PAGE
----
Waste Management

As with all mining activity, New Gold’s operations generate mining waste. Across the mining industry as lower grade deposits become economical, more waste is now generated per unit of product produced. Mining waste includes barren rock (not containing economically viable minerals) in the form of tailings or waste rock (coarser broken rock), and remnant heap leach piles, which must be stored in a safe and stable manner. At New Gold, we are committed to managing our wastes in a manner consistent with industry best practices. We optimize our mine plans and often use waste rock as backfill at our underground operations. With regards to tailings, we store tailings on each mine site in purpose-built tailings storage facilities.

Description of Impacts

Requirements to manage impacts associated with waste rock will depend on what kinds of elements are naturally contained in the rock. As rock is mined and broken up, significantly greater surface area is exposed to air and water, which can speed up the release of naturally occurring elements in the rock. This can lead to impacts on water quality when water flows through the waste rock, depending on the elements in the waste rock and the speed they are released into the environment. New Gold monitors all water that leaves our sites to ensure that mine-impacted water doesn’t negatively impact surrounding waterways.

Tailings storage facilities are usually very well managed with little impact on the surrounding environment. However, as the industry has seen in the past few years, there are inherent risks associated with these facilities which can mean that unforeseen circumstances can lead to impacts to human safety and the environment. Because of this, responsible and proactive management of our tailings storage facilities is one of New Gold’s biggest imperatives.

Management Approach

New Gold is committed to managing mining waste in alignment with international best-practices. Our Tailings, Heap Leach and Waste Rock Facilities Management Policy codifies these best practices in New Gold and commits us to identify, assess and control risks.

Tailings Management

New Gold observes and fulfills the Mining Association of Canada’s Towards Sustainable Mining Tailings Management Protocol. We work hard to earn and keep the trust of employees and surrounding communities that we design, operate, monitor, and eventually close, our tailings storage facilities in a way that prevents adverse environmental impacts and minimizes risks to local communities.

In 2016 New Gold established our own Independent Tailings Review Board (ITRB) to provide independent, expert reviews of all technical aspects of our tailings storage facilities. ITRBs are considered best-practice in tailings management. This additional layer of due diligence was added to our tailings management approach in response to industry recommendations coming out of the investigation into the Imperial Metals Mount Polley Mine tailings dam failure in 2014.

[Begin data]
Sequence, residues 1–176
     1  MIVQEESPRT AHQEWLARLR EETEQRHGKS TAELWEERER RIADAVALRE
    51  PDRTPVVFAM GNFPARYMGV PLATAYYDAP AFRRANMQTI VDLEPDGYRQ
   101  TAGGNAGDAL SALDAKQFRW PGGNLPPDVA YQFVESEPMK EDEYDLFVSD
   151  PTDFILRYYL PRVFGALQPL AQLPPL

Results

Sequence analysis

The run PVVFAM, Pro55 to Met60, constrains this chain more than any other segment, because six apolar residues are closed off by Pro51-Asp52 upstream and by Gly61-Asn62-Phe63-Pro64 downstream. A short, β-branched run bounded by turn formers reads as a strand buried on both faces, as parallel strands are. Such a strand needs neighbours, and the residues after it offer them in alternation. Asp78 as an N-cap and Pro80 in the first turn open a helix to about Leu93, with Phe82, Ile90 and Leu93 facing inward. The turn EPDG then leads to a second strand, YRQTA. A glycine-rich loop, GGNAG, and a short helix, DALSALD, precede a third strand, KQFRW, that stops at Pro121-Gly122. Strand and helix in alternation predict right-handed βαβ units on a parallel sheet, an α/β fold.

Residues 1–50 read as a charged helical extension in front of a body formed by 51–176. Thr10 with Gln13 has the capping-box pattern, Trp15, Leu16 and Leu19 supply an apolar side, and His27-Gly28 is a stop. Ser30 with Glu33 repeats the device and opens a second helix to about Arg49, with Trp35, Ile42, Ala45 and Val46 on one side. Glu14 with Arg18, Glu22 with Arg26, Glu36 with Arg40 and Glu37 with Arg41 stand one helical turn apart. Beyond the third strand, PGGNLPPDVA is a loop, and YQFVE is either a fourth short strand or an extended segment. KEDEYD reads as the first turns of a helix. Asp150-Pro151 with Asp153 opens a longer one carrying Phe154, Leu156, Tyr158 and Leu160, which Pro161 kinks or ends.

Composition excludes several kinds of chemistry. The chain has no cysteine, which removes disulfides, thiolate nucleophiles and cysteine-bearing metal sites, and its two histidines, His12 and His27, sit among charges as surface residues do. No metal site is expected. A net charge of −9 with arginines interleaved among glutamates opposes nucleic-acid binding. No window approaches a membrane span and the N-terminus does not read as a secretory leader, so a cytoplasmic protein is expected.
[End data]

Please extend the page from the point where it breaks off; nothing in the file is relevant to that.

In 2016 and 2017, ITRB meetings were carried out to review all aspects of the design, construction, operations, surveillance (monitoring) and management of our tailings storage facilities at the Rainy River and New Afton Mines, and the Blackwater Project. These ITRB reviews complement our long-established tailings monitoring and management program, which includes regular dam safety audits and internal audits of procedures and protocols as well as the annual Towards Sustainable Mining Tailings Management Protocol verification and assessment.

Process Waste – Operations1
Waste Types 2015 2016 2017
Waste rock (000s tonnes)2 46,447 42,819 38,274
Tailings (000s tonnes) 5,648 6,332 6,444

Data excludes Rainy River operations, as this site was transitioning from construction to production at the end of 2017.


The waste rock reported by Peak and New Afton underground mines refers only to materials brought to the surface.


Recycling of other wastes is an essential part of good environmental management and is done at all New Gold sites. Typically, recycled materials from our sites include used oils and lubricants, tires, scrap metal, plastics, aluminum, cardboard and batteries. We aim to recycle the maximum amount achievable and available, with each site seeking to improve recycling rates each year through site-based management plans and awareness training.

Recycling of oils, lubricants, and tires declined in 2017, largely because mining at Cerro San Pedro has ended, which means that use of haul trucks and associated materials was significantly reduced.

Waste Recycling – Operations1
Recycled Materials 2015 2016 2017
Compost (tonnes) 2.8 1.9 0.9
Paper, plastic and metal recycled (tonnes) 896.9 537.8 576.5
Oil and lubricants recycled (litres) 667,972 533,279 421,557
Tires recycled (tonnes) 513.5 497.4 486.0

Data excludes Rainy River operations, as this site was transitioning from construction to production at the end of 2017.

We compost organic materials at the Cerro San Pedro Mine. This figure has declined in alignment with our reduced mining activities at the mine, and in 2017, we composted about one tonne of materials. This material has been used in the topsoil stockpiles or for the greenhouse, where we have a seedling nursery for reclamation.